Close up of a dog mouth with tooth and gum
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Periodontal disease in dogs: how are their gums affected?

By Daniel Mar Journalist

Updated on the

Periodontal disease in dogs is the most common clinical condition in older pets. Nonetheless, it is completely preventable and curable. Learn about prevention tips.

Periodontal disease in dogs is a disease that affects millions of pets around the world. Right now, it is one of the most common diseases in dogs. Dogs can easily get this disease because many dog owners don’t pay proper attention to dental care.

As food particles and bacteria are allowed to accumulate along the dog’s gum line, it can form plaque which in time transforms to calculus. This always causes gum irritation, bleeding among other diseases later discussed. That is why it is very important to prevent periodontitis in dogs.

Learn the basics of periodontal disease in dogs

Periodontal disease has its beginnings when bacteria in the dog’s mouth form plaque. This adheres to the surface of the teeth

With the passing of time, minerals found in the saliva harden the plaque into calculus, commonly known as tartar. Once it is formed, it firmly attaches to the dog's teeth. This is not per se the problem, rather what you don’t see, meaning the tartar that builds up below the gums! Indeed, the real problem is the calculus that spreads under the gum line. T

he bacteria that made up this sub-gingival plaque poses a lot of damage to the supporting tissues around the tooth. In time, periodontal disease in dogs is developed. The first sign of this disease will be the weakening of teeth. Likewise, bacteria under the gum line will secrete toxins, which can lead to permanent tissue damage if untreated.

Lastly, this disease can trick the immune system. When white blood cells try to destroy their ‘bacterial enemies’, chemicals released by these cells cause damage to the supporting tissues of the tooth! Therefore, instead of fixing the problem, it actually worsens the disease.

Causes of periodontal disease in dogs

The appearance of periodontal disease is a gradual process as previously explained. A variety of factors cause periodontal disease in dogs. In dogs, the most common causes are the Streptococcus and Actinomyces bacteria.

Overall, periodontal disease in dogs includes gingivitis and periodontitis. These diseases can have plenty of effects like oral cavity damage, loss of gum tissue and bone, development of a fistula, fractures of the jaw and bone infection (osteomyelitis).

Certain dog breeds do have a genetic predisposition to periodontal disease. Many small breed dogs like Dachshunds and Chihuahuas are especially prone to periodontal disease in dogs.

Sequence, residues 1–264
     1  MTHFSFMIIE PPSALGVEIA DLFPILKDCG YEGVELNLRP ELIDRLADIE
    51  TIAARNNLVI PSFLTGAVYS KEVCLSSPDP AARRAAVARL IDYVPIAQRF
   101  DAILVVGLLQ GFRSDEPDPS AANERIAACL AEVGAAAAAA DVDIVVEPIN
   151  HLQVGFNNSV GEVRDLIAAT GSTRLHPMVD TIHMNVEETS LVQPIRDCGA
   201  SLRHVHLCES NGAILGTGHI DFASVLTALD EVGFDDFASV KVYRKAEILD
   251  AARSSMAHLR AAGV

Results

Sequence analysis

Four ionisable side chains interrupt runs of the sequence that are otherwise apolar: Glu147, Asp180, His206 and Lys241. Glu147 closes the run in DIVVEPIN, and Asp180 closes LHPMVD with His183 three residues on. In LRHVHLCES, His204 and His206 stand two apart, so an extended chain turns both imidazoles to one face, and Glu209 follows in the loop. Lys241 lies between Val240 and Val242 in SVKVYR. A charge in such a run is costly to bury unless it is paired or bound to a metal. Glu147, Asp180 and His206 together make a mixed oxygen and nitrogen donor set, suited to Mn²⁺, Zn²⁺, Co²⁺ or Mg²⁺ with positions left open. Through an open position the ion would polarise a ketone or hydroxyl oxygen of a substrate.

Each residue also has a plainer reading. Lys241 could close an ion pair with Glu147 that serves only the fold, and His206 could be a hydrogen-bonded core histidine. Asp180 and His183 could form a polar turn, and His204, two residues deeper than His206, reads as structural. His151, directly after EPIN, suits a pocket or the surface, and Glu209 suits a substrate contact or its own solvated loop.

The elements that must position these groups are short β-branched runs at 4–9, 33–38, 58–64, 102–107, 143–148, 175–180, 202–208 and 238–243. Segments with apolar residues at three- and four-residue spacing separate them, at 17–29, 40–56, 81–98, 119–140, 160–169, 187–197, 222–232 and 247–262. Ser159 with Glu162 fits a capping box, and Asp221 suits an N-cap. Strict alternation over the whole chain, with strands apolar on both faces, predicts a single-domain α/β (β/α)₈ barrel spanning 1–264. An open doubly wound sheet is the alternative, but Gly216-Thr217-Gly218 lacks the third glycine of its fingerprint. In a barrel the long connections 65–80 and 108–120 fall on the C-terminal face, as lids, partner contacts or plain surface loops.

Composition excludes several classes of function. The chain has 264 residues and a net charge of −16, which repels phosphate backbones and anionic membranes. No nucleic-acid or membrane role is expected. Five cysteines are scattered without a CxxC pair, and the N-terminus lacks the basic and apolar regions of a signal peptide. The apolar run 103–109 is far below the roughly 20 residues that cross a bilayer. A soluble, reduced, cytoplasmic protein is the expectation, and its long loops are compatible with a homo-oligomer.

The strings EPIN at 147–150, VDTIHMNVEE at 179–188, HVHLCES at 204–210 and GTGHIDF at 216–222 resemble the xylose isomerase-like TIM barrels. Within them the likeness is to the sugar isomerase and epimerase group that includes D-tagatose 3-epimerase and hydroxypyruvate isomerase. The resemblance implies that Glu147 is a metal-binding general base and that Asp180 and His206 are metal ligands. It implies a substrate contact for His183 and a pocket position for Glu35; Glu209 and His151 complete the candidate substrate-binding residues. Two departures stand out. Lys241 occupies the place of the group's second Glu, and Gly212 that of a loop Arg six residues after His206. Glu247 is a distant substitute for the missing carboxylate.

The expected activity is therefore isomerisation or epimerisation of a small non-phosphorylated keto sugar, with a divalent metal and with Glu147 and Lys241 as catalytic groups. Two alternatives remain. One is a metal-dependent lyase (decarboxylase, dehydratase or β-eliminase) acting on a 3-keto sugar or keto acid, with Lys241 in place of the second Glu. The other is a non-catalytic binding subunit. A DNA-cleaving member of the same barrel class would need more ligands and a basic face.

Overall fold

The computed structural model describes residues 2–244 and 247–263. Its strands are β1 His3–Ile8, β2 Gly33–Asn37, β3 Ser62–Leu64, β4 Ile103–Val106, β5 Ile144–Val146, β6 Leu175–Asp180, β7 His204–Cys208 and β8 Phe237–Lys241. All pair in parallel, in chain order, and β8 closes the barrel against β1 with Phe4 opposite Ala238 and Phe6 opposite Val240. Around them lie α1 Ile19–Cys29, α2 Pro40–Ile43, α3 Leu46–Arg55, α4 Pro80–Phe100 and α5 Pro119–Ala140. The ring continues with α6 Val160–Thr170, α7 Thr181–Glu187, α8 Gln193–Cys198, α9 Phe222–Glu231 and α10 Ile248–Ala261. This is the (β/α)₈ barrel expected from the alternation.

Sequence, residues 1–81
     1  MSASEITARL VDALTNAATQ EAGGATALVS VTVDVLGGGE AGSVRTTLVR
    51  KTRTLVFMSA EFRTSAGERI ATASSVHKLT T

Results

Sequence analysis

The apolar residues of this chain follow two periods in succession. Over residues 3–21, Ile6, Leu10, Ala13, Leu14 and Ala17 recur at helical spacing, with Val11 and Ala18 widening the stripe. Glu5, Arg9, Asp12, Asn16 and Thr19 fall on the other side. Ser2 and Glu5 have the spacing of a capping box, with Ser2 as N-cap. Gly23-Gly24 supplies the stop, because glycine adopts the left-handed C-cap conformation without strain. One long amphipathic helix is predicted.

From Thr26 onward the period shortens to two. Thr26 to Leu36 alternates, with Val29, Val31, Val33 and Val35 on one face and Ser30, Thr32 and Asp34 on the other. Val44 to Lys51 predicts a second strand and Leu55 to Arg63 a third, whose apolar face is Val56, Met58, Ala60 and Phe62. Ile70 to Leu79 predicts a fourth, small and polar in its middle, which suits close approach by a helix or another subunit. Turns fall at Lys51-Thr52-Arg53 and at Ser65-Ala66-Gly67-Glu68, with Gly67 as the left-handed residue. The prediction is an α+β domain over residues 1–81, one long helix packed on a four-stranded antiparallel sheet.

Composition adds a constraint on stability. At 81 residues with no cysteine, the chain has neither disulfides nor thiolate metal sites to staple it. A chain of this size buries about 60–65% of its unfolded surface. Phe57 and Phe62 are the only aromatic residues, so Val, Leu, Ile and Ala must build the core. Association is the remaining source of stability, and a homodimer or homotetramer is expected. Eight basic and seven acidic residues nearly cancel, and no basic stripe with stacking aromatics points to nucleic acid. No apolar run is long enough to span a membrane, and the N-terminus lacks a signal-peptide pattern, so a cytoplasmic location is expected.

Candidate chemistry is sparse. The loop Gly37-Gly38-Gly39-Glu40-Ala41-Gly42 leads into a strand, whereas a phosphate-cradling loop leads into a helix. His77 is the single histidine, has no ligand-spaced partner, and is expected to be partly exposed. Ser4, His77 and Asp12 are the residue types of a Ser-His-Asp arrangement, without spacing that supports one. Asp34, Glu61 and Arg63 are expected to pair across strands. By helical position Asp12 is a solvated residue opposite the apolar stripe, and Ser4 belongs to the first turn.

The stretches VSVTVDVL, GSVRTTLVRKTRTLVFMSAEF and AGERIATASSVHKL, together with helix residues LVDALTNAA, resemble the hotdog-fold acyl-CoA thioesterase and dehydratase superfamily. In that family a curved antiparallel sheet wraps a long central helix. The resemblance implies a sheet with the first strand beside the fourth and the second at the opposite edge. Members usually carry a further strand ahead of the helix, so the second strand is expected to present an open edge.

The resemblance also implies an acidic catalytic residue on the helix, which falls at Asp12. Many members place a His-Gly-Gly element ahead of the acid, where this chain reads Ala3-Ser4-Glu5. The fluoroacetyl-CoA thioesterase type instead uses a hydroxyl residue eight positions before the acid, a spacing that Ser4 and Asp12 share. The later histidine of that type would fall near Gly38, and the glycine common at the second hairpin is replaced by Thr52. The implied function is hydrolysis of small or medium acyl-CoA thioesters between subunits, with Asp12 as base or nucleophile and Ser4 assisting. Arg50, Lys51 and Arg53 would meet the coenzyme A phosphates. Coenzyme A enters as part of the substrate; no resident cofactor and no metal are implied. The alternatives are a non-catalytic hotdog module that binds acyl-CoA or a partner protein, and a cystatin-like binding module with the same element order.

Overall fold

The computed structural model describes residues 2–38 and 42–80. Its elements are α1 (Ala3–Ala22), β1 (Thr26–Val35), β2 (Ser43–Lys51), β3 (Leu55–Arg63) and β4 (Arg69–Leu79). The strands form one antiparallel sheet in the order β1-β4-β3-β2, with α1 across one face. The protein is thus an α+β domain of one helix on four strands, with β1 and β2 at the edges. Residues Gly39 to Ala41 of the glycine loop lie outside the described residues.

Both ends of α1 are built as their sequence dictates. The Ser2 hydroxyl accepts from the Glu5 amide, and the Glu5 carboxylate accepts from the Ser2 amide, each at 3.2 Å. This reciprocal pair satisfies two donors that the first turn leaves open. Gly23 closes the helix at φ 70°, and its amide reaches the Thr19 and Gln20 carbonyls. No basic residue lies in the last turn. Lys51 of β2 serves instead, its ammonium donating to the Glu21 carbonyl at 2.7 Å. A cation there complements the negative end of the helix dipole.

Symptoms of periodontal disease in dogs

The signs of periodontal disease can vary according to the severity of the disease. Usually, the first symptom of periodontal disease in dogs is halitosis or bad breath.

Contrary to common belief, dogs should not have bad breath! In fact, this is a sign of a dental disease. As this disease progresses, so does oral pain. As time passes, your dog will not be able to chew food.

Also, they can lose total interest in chew toys. Another common symptom is excessive salivation or drooling.

Sometimes, saliva has blood because gums are bleeding. Afterwards, you can notice gingivitis (reddening of the gums). At last, as periodontal disease advances, teeth will become loose. Vets grade periodontal disease in dogs from one to four (grades of severity):

  • I: only gingivitis is present.
  • II, III and IV: Periodontitis (loss of bone and soft tissue around teeth) is present.
  • IV: loss of more than half of the tooth's supportive structures can be seen.

Take note that in some cases of advanced periodontitis in dogs, the gum tissue will recede and the actual roots of the teeth can be seen.

Diagnosing periodontal disease in dogs

The diagnosis of periodontal disease in dogs usually involves several procedures. X-rays are very important because up to 60% of the symptoms are hidden by the gum line. Especially during the early stages, radiographic imaging will show loss of density and sharpness of the root socket margin. In more advanced stages, you can see a complete loss of bone support around the root.

Treatment of periodontal disease in dogs

Professional dental cleaning and home care can prevent periodontal disease in dogs. However, once your dog gets periodontal disease, there is no cure.

Nonetheless, no matter the grade of periodontal disease, the first important step is a professional dental cleaning. This procedure needs general anaesthesia. After your dog's teeth are clean, you have to maintain it at home.

Home dental care is vital to keep the periodontal disease in dogs at bay. You have to perform daily brushing with an ‘enzymatic toothpaste’ made especially for dogs. An alternative to daily brushing is to apply toothpaste to the dog's teeth on daily basis.

Additionally, there are food and water additives that can slow down the build-up of plaque and tartar. Periodontal disease in dogs is serious and quite common.

Try to prevent it by maintaining a good dental care! Once your dog gets it, it doesn’t have a cure.

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